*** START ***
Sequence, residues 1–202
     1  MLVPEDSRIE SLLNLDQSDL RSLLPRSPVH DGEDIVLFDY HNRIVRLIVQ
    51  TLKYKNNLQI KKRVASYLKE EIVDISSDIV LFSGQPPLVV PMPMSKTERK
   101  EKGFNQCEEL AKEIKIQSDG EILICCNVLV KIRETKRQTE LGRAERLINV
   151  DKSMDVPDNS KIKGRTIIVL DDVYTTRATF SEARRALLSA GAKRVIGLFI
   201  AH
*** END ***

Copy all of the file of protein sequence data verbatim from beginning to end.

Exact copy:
Sequence, residues 1–202
     1  MLVPEDSRIE SLLNLDQSDL RSLLPRSPVH DGEDIVLFDY HNRIVRLIVQ
    51  TLKYKNNLQI KKRVASYLKE EIVDISSDIV LFSGQPPLVV PMPMSKTERK
   101  EKGFNQCEEL AKEIKIQSDG EILICCNVLV KIRETKRQTE LGRAERLINV
   151  DKSMDVPDNS KIKGRTIIVL DDVYTTRATF SEARRALLSA GAKRVIGLFI
   201  AH